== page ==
“No. They’ve come to play a semi-final, let ’em play. It’s kids football. We need to get on with it.” And similar, maybe less polite words burst out of me, frustrated that dads were trying to elevate and complicate this simple contest, make argument and grievance inevitably part of it. Maybe I couldn’t see the match being close enough for an official’s decisions to be telling: no.1 son’s team had three wins all season, had never beaten today’s opponents and the left-back was deputising in goal.

“The league won’t accept the result without its appointed official. What then?” I was asked.

“The team that loses concedes the fixture. It gets sorted today.”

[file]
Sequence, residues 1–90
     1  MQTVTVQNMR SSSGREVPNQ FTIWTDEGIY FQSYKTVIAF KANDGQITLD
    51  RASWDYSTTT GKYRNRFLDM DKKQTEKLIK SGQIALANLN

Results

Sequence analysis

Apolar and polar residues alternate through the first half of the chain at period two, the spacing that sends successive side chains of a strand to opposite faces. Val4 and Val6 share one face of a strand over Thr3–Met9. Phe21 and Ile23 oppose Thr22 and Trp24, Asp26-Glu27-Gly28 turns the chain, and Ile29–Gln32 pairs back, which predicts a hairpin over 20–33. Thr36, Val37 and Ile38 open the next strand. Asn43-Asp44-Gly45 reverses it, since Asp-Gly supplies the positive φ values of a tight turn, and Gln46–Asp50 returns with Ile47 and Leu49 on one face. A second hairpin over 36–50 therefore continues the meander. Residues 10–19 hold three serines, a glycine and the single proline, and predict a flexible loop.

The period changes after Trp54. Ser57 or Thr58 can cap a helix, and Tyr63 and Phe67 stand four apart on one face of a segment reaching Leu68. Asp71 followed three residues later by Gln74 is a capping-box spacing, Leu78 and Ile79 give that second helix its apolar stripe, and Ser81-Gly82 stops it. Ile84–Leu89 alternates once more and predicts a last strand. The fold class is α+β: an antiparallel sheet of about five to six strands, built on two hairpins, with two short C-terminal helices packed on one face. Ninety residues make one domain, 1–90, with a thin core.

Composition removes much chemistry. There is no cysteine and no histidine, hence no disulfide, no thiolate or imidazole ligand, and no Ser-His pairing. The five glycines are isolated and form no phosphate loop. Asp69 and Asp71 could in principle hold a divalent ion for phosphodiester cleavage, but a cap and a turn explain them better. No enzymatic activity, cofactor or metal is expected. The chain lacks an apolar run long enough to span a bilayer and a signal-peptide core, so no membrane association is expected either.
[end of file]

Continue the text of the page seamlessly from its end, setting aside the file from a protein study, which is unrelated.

“Wish I lived in your world,” was the response I got, dismissed as naive and probably, not for the first time, a little odd.

But before the philosophical clash could go further, someone practical enough to stay out of this conversation had found a referee amongst the lads practising on the pitch next to us. The semi-final was on.

For the next hour, our team played the sharpest, most competitive football of their season. A two goal lead in the first period; 2-1 at the end of the second; another goal apiece at the start of the third. The final ten minutes mattered. Last year’s semi-final had been lost on penalties to the same opponents. Three times this season leads of two or more goals had been let slip, twice with goals in the final minute. There was the appearance in the final at stake, but there was also the imperative that they be rewarded for playing keen, fluent football.